Smoking is a great way to use time and natural wood aromas for flavour in your food. A technique that can be scaled up into large industrial smoking rooms, but also right at home. Our Coalsmith Series range of smokers includes the beginner smoker to the foodie smoker!
In this blog, we’re going to give you a step-by-step guide to using your offset smoker the right way. An offset smoker is an extra chamber on the side of your smoker made to use the technique of smoke roasting or cold smoking. Our Coalsmith Series Alpha and Delta smokers were designed with offset smokers.
It’s important to calculate how much time you have at your disposal to smoke, and to consider which method of smoking you will use.
Quick smoke: Braai like you normally would in the main chamber of the smoker. Once your meat is about halfway done, add soaked wood chips onto your coals and close the lid. This will give a subtle smokey flavour to your meat.
- Smoke roasting or cold smoking: Only use the smoke from your offset smoker, with no coals in the main chamber of the smoker.
- Braai and smoke roasting combo: A quicker method to get the intense smokey flavour. Make a fire in your offset smoker and in the main chamber of the smoker. Add your wood chips to ready coals in the offset smoker and add your meat in the main chamber. The direct heat from the bottom in the main chamber will braai the food quicker, whilst getting the smokey infusion from the offset smoker.
10 steps for using an offset smoker
Step 1: Light a fire
Using charcoal or wood, light a fire in the offset smoker with all the vents open for maximum oxygen injection.
Step 2: Setup roasting tray
Add a foil roasting tray to the charcoal grid in the main chamber of the smoker. This is to catch the fat drippings as the meat smokes to make a delicious gravy. You can even add a few veggies to the tray about halfway through the smoke to cook in the fat drippings.
Step 3: Prep wood chips and wood logs
There are two ways to get smokey flavour infused into your meat, either with our wood chips (link) or wood logs. For this method, we would suggest using both. Grab a bowl with water and add a few handfuls of wood chips to soak.
Select small-medium sized wood logs that’s dry and ready to use. Great wood to smoke within South Africa is sekelbos, mopanie, kameeldoring, and rooikrans. Choose the first piece you will use and place it on the smoker's body to preheat.
Step 4: Prep the meat
Spice and oil the meat you’re planning to smoke. The easiest to do this is to mix the spices with the oil in a separate bowl to create a spice paste or wet rub. Lather the meat liberally in the spice paste till coated evenly.
Step 5: Start smoke
Once the coals are red hot, add the meat to the main chamber on top of the roasting tray and close the lid. Add a first handful of wood chips and the preheated log to the coals. Close the lid of the offset smoker.
Step 6: Regulate airflow
Use the vent on the right of the offset smoker and the chimney on the main chamber to regulate the airflow. Keep a steady flow with the vent and chimney halfway open. This will also aid in keeping a consistent clean smoke throughout the cook.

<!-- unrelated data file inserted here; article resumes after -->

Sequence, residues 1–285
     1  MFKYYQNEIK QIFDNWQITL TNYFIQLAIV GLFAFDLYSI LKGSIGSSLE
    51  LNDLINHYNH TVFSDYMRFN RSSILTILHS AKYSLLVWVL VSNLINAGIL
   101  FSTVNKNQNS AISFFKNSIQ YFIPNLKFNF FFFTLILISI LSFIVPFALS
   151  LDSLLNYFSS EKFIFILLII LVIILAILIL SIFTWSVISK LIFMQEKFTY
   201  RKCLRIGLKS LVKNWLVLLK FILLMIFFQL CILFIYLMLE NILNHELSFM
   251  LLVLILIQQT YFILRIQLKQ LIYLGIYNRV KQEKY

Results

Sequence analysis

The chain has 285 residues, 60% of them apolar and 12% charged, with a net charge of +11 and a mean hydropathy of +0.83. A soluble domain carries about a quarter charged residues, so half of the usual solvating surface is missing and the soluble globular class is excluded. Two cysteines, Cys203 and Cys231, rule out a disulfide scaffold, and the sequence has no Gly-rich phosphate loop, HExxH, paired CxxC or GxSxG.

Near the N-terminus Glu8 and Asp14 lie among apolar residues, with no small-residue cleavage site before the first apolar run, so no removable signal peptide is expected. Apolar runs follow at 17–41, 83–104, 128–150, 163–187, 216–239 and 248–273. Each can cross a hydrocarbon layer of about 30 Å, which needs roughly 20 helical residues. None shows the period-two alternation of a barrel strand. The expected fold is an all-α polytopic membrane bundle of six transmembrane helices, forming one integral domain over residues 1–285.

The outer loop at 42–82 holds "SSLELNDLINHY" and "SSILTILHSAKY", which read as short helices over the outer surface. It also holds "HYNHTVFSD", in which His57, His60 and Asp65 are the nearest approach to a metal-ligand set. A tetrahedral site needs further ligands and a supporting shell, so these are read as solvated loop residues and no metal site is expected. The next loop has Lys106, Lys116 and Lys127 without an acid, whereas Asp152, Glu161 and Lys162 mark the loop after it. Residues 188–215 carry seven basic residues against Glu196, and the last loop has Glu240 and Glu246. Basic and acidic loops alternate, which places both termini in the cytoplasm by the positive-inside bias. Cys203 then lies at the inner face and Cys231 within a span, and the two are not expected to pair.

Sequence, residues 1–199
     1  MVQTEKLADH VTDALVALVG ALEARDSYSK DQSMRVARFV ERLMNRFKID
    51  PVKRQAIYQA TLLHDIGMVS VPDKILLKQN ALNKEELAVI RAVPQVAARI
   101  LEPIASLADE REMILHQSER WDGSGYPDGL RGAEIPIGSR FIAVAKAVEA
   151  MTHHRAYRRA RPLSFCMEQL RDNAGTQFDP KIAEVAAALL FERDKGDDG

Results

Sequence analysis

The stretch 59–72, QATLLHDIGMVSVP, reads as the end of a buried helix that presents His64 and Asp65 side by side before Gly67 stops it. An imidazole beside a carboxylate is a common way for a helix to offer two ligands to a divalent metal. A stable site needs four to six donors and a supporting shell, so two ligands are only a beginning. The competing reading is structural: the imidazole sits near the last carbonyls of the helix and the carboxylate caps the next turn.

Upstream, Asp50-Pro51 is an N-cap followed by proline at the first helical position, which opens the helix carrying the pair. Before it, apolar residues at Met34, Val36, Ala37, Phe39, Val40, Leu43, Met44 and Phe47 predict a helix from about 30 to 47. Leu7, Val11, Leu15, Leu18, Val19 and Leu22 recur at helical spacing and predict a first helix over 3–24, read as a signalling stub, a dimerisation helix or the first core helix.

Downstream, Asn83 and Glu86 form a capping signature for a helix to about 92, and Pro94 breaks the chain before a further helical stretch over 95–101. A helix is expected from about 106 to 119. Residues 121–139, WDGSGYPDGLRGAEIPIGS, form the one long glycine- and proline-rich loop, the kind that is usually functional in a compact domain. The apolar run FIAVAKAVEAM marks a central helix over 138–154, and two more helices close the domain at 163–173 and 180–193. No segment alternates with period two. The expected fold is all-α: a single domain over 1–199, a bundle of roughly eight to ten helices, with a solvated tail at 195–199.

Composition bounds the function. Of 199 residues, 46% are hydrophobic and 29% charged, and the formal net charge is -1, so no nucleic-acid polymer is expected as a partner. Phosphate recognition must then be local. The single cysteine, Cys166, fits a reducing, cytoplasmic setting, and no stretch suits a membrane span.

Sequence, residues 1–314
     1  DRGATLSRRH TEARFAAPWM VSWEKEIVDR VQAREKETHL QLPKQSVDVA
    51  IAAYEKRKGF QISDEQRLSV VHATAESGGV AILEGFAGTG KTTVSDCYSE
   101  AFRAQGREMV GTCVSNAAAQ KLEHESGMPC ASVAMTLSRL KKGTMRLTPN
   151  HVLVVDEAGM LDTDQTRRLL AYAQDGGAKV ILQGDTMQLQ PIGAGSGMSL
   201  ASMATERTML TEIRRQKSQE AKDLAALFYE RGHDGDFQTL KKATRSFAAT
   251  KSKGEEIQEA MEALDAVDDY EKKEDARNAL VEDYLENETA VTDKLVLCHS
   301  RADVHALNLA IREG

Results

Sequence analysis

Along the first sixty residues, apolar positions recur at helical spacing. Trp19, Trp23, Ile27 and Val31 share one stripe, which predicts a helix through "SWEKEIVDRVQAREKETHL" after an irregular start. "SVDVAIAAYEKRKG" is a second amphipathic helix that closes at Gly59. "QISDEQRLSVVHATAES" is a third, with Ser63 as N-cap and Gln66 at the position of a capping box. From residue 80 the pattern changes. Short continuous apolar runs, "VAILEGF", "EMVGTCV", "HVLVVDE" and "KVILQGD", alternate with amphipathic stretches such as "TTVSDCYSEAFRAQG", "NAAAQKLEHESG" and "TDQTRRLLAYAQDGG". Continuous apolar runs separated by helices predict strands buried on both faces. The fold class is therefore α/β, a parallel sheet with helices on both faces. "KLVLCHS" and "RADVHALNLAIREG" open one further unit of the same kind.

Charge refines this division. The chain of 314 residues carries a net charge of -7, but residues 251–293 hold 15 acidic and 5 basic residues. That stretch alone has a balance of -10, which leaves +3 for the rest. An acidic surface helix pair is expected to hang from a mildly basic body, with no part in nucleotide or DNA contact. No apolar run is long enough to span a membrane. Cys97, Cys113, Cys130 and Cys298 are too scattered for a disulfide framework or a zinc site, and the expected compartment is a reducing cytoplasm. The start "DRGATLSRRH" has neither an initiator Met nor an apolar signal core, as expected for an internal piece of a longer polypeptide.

Step 7: Regulate the temperature
Smoking using only the offset smoker needs a steady 100-120°C in the main chamber. Use the temperature gauge on the lid of the main chamber to keep a lookout. If you see the temperature drastically dropping, add another wood log or ready coals.
Step 8: Preheat wood logs and add one every hour
Preheat a wood log by placing it on top of the closed offset smoker. It will increase the temperature of the log, so it immediately catches alight when placed onto the coals.
Keep the main chamber and offset smoker lid closed to not let the flavourful smoke escape. Every hour, add a fresh preheated wood log. Trust the process, and let the smoker do its thing.
Step 9: Cover in foil
About 2/3rds into the smoking time, remove the meat from the smoker and place into a foil ‘boat’. This will help to retain moisture in the meat for the last bit it needs in the smoker. You can even add a small bowl of water or stock in the smoker at the same time. The vaporized water will increase the humidity in the smoker.
Step 10: Let it rest
Once cooked to the required internal temperature, remove the meat from the smoker. Place in a Large Roaster or a cooler box and rest for about an hour before serving to lock in the juices. A cooler box is ideal to retain its temperature and seal it from oxygen while resting.
- If you see your coals are dying, use a charcoal starter to quickly make more coals.
- Never add fresh black coals to your smoker with the meat in the main chamber. This will cause dirty smoke when they catch alight which can ruin the meat with a chemical taste.
- Experiment with more flavours by soaking the wood chips in juice or wine.
- Use a thermometer to measure the internal temperature of the meat as you smoke.
There you have it! This weekend, try smoking a beef short rib, brisket, or whole chicken! Or, if this is still very confusing, check out our introduction to smoking for a beginners guide to smoke.